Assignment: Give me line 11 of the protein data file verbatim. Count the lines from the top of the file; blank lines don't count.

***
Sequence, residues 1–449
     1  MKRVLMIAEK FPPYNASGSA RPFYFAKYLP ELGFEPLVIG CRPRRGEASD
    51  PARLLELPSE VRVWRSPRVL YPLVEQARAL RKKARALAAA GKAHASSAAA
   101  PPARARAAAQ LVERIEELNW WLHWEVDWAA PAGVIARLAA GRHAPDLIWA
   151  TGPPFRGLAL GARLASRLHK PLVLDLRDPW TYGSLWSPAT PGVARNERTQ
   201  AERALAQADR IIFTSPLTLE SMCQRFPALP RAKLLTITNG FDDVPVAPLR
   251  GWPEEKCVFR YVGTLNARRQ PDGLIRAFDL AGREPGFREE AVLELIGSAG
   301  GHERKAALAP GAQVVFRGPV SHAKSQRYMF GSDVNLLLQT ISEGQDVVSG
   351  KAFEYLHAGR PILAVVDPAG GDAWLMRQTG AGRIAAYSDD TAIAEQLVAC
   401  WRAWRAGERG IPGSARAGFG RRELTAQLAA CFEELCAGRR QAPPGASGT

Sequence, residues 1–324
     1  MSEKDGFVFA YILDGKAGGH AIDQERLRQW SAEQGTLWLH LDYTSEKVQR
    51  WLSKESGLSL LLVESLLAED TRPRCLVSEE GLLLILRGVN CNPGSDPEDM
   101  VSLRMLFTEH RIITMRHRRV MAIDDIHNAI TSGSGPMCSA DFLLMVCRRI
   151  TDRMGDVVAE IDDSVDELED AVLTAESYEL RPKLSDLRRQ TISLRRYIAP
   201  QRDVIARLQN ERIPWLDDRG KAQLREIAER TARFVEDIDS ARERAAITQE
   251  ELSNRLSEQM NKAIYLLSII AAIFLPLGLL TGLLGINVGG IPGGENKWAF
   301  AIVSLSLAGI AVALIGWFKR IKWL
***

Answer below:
Sequence, residues 1–324